An adaptive wing tip concept was developed to enable controlled wash-in and wash-out throughout the entire flight envelope. The concept is based upon adaptive stiffness structures enables control of the aeroelastic deflections, and also facilitates gust load alleviation. Furthermore, a mathematically based design tool was developed making use of Reduced Order Models (ROMs) of the wing structure and aerodynamics such that an inverse approach can be employed to determine the required sizing of the internal aircraft structure, and also the position and sizing of any adaptive structural components and actuators. The adaptive structural concept and the inverse ROM approach was demonstrated and evaluated on two real-size aircraft test cases.
Adaptive wing tip concepts have been considered to enable controlled wash-in and wash-out throughout the entire flight envelope. The concepts, based upon adaptive stiffness structures, enable control of the aeroelastic deflections to optimise the aerodynamic performance along with the use of changing the leading edge and trailing edge camber shape. A mathematically based design tool was developed, making use of Reduced Order Models (ROMs) of the wing structure and aerodynamics, so that an inverse approach can be employed to determine the required sizing of the internal aircraft structure, and also the position and sizing of any adaptive structural components and actuators. The adaptive structural concept and the inverse ROM approach will be demonstrated on a regional jet aircraft test case.
Initial studies using panel based aerodynamics were performed to determine the desired aerodynamic shape of the wing at different points in the flight envelope, and these were then used to optimise the internal structure so that the desired aeroelastic deflections were achieved subject to a number of structural constraints; further work considered the use of Euler based CFD.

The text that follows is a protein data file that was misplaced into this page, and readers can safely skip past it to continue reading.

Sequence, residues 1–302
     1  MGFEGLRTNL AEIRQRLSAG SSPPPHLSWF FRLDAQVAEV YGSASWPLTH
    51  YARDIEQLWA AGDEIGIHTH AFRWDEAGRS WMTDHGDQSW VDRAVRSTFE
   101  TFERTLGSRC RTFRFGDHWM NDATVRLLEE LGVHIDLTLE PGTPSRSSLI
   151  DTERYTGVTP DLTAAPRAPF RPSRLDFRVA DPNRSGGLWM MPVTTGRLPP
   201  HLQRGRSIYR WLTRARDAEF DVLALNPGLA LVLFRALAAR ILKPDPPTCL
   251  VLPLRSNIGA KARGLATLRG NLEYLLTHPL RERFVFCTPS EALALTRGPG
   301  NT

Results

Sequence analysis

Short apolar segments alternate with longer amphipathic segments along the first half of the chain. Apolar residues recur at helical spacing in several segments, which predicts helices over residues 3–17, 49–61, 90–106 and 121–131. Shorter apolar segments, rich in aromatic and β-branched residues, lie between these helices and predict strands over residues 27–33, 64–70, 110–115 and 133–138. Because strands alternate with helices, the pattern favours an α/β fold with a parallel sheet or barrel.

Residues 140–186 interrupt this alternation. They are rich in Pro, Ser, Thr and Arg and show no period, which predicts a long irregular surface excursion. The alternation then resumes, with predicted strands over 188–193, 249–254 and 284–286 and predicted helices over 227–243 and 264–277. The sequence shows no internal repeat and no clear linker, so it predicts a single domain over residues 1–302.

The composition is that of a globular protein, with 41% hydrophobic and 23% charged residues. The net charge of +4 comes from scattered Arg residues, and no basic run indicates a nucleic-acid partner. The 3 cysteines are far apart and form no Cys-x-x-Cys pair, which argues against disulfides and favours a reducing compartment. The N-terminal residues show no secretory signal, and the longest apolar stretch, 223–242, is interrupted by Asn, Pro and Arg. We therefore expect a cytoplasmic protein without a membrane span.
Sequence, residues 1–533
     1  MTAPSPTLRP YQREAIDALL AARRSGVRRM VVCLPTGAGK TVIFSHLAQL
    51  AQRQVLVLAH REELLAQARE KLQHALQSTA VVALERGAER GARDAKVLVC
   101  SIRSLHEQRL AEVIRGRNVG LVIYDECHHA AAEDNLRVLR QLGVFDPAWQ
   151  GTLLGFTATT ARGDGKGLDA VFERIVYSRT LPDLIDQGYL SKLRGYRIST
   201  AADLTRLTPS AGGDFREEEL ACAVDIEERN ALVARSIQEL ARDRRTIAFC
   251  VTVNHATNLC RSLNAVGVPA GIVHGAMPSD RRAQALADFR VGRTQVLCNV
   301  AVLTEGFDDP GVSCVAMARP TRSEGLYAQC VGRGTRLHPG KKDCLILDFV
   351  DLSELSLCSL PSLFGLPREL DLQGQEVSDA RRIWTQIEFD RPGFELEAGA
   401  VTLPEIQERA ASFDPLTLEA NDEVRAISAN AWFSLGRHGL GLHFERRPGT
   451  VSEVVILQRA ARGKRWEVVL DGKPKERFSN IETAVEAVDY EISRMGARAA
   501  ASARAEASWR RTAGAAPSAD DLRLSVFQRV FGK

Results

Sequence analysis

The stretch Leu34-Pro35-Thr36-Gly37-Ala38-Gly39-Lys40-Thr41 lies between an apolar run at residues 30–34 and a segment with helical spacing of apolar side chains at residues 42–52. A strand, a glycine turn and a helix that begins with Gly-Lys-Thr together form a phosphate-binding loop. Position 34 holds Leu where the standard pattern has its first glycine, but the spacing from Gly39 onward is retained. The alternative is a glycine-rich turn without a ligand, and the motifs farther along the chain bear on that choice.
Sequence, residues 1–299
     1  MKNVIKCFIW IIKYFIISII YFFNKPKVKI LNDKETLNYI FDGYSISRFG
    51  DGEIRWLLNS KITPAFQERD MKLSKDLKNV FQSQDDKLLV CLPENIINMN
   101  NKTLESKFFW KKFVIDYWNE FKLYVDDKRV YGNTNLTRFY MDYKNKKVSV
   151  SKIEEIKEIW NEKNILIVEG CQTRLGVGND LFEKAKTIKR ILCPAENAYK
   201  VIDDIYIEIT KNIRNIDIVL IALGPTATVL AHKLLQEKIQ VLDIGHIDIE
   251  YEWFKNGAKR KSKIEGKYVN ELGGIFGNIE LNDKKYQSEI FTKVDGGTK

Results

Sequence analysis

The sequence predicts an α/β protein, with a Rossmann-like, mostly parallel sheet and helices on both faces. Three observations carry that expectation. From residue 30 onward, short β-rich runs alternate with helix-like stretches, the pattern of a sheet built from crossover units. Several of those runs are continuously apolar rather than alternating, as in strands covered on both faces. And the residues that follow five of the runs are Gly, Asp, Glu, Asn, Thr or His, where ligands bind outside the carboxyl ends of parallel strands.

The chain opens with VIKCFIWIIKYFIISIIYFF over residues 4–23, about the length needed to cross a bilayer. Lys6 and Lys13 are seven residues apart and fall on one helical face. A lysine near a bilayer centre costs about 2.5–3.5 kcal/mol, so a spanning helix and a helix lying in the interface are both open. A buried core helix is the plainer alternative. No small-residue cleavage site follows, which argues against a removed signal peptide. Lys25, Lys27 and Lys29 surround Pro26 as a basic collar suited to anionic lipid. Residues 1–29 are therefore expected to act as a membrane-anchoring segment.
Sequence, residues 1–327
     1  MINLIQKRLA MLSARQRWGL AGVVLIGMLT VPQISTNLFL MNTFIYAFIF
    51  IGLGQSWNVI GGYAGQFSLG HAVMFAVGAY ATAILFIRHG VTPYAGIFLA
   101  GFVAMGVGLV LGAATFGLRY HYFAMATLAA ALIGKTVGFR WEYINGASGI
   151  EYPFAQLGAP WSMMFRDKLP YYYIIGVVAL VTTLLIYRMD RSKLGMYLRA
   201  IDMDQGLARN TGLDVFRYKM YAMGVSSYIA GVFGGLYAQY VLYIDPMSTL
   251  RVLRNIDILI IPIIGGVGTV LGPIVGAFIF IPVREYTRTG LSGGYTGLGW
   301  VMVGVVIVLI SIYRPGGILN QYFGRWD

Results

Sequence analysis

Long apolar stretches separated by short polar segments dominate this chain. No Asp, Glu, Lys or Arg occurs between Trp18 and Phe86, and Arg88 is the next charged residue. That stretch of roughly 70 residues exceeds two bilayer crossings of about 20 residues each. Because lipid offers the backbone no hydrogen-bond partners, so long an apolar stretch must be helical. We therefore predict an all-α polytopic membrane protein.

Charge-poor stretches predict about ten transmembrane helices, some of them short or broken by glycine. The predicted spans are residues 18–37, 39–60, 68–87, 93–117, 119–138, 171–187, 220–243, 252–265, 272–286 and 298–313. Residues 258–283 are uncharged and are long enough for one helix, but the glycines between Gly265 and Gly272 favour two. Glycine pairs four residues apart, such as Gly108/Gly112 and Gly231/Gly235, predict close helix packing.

Three types of adaptive structure-based solution were considered: rotating spars, moving spars and moving spar caps designed to enable the required wing-tip deflections through changes in the bending and torsional stiffness along with the position of the shear centre. The rotating spar concept had the greatest effect upon the stiffness characteristics of the wing cross-section.
Inclusion of the device showed that it is possible to achieve the required aerodynamic shapes at all parts of the flight envelope including the extreme low speed Mach 0.25 case; however the least amount of morphing required was when both the adaptive stiffness and leading/trailing edge camber stiffness concepts were used together.
The effect of uncertainty in both the aerodynamics and structural models was assessed using both Polynomial Chaos Expansion and Bayesian methods, and it was found that the morphing performance was most sensitive to the structural stiffness and aerodynamic parameters (speed and air temperature).
Further work is required to validate the concept using a more detailed aerodynamic and structural model.